“They should repair it, have it repaired and then they can sell a clean vehicle,” State Senator Jerry Hill tells CBS Sacramento’s Kurtis Ming, who recently reported on the large number of unfixed, recalled vehicles available from area dealers.
However, the operators of used car lots say that the repairs — though they would not cost anything — would be an undue burden on sellers.
“How we gonna know the car has a recall?” one used-car seller asks?
There is the NHTSA recall database, though it’s not exactly the most user-friendly tool in the world.
The dealers also contend that, since recalls generally require that repairs are done by a dealership, the sellers would effectively be putting their products in the hands of competitors. Every day that vehicle is in a dealership service bay, it’s another day it can’t be sold on the used-car lot.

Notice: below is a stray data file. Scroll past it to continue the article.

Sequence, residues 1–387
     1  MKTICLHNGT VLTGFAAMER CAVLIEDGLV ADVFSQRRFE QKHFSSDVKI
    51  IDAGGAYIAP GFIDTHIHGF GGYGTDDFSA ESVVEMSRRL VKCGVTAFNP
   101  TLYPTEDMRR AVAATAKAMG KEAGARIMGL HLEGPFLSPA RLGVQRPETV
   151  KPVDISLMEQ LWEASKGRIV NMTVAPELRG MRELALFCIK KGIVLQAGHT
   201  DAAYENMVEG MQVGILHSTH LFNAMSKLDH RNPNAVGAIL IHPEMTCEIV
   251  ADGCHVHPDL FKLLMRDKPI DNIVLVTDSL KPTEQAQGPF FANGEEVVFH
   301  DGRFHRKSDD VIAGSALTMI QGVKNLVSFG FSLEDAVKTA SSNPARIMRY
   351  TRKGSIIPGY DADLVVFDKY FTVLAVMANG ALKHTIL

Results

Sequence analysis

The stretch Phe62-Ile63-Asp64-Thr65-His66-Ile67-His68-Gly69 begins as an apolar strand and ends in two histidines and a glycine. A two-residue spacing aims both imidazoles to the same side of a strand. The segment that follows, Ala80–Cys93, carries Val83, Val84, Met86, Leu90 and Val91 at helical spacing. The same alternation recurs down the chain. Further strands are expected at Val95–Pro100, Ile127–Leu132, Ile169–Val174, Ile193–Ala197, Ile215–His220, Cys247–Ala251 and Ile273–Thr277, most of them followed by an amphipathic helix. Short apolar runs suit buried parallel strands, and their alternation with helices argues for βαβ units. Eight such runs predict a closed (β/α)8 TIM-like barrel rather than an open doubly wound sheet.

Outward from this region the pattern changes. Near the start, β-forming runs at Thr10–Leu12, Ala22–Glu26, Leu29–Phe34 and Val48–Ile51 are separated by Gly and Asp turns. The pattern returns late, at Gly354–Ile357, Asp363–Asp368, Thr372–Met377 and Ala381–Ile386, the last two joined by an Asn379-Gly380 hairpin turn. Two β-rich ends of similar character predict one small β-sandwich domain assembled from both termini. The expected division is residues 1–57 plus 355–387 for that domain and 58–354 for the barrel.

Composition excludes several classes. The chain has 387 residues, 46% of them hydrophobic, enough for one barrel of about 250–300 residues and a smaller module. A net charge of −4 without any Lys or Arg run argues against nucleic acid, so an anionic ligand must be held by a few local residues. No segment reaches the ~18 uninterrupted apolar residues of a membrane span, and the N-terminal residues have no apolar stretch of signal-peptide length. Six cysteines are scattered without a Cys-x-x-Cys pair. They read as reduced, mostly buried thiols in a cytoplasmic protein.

But Senator Hill doesn’t seem to be terribly moved by that concern.
“That’s a time issue; that’s not a safety issue,” he explains.
Another State Senator, Hannah-Beth Jackson, is reportedly planning to introduce legislation that would require all recalled cars are repaired before sale.
“Until they’ve been fixed so they are safe, recalled cars shouldn’t be on the road, and they shouldn’t be for sale,” she says. “It’s as simple as that.”
Last August, U.S. Senators Barbara Boxer and Dianne Feinstein introduced legislation at the federal level that would require rental car companies to repair recalled vehicles before letting them be rented again. The bill appears to have died, but it did result in several of the nation’s largest rental companies agreeing to not rent out unfixed recalled cars.